Bayesian network and nonparametric heteroscedastic regression for nonlinear modeling of genetic network
 Proc. 1st IEEE Computer Society Bioinformatics Conference
, 2002
"... We propose a new statistical method for constructing a genetic network from microarray gene expression data by using a Bayesian network. An essential point of Bayesian network construction is in the estimation of the conditional distribution of each random variable. We consider fitting nonparametric ..."
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Cited by 41 (18 self)
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We propose a new statistical method for constructing a genetic network from microarray gene expression data by using a Bayesian network. An essential point of Bayesian network construction is in the estimation of the conditional distribution of each random variable. We consider fitting nonparametric regression models with heterogeneous error variances to the microarray gene expression data to capture the nonlinear structures between genes. A problem still remains to be solved in selecting an optimal graph, which gives the best representation of the system among genes. We theoretically derive a new graph selection criterion from Bayes approach in general situations. The proposed method includes previous methods based on Bayesian networks. We demonstrate the effectiveness of the proposed method through the analysis of Saccharomyces cerevisiae gene expression data newly obtained by disrupting 100 genes. 1.
Bayesian Network Classification with Continuous Attributes: Getting the Best of Both Discretization and Parametric Fitting
 In Proceedings of the International Conference on Machine Learning (ICML
, 1998
"... In a recent paper, Friedman, Geiger, and Goldszmidt [8] introduced a classifier based on Bayesian networks, called Tree Augmented Naive Bayes (TAN), that outperforms naive Bayes and performs competitively with C4.5 and other stateoftheart methods. This classifier has several advantages including ..."
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Cited by 28 (2 self)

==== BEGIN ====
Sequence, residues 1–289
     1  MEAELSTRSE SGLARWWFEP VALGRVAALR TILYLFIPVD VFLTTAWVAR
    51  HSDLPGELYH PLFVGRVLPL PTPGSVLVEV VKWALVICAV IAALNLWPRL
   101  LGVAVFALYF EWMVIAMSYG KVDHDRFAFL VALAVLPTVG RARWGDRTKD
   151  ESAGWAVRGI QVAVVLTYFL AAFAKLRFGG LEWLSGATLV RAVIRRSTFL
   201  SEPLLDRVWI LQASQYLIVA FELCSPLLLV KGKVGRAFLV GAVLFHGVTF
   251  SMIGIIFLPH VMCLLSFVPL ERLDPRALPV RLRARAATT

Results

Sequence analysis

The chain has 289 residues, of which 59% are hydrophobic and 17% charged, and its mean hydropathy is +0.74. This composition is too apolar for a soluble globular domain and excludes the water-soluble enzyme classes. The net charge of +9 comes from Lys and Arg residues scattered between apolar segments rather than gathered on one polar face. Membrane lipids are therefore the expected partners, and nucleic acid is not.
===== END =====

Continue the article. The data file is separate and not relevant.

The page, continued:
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In a recent paper, Friedman, Geiger, and Goldszmidt [8] introduced a classifier based on Bayesian networks, called Tree Augmented Naive Bayes (TAN), that outperforms naive Bayes and performs competitively with C4.5 and other stateoftheart methods. This classifier has several advantages including robustness and polynomial computational complexity. One limitation of the TAN classifier is that it applies only to discrete attributes, and thus, continuous attributes must be prediscretized. In this paper, we extend TAN to deal with continuous attributes directly via parametric (e.g., Gaussians) and semiparametric (e.g., mixture of Gaussians) conditional probabilities. The result is a classifier that can represent and combine both discrete and continuous attributes. In addition, we propose a new method that takes advantage of the modeling language of Bayesian networks in order to represent attributes both in discrete and continuous form simultaneously, and use both versions in the classifi...
Learning the dimensionality of hidden variables
 In UAI ’01
, 2001
"... A serious problem in learning probabilistic models is the presence of hidden variables. These variables are not observed, yet interact with several of the observed variables. Detecting hidden variables poses two problems: determining the relations to other variables in the model and determining the ..."
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Cited by 24 (3 self)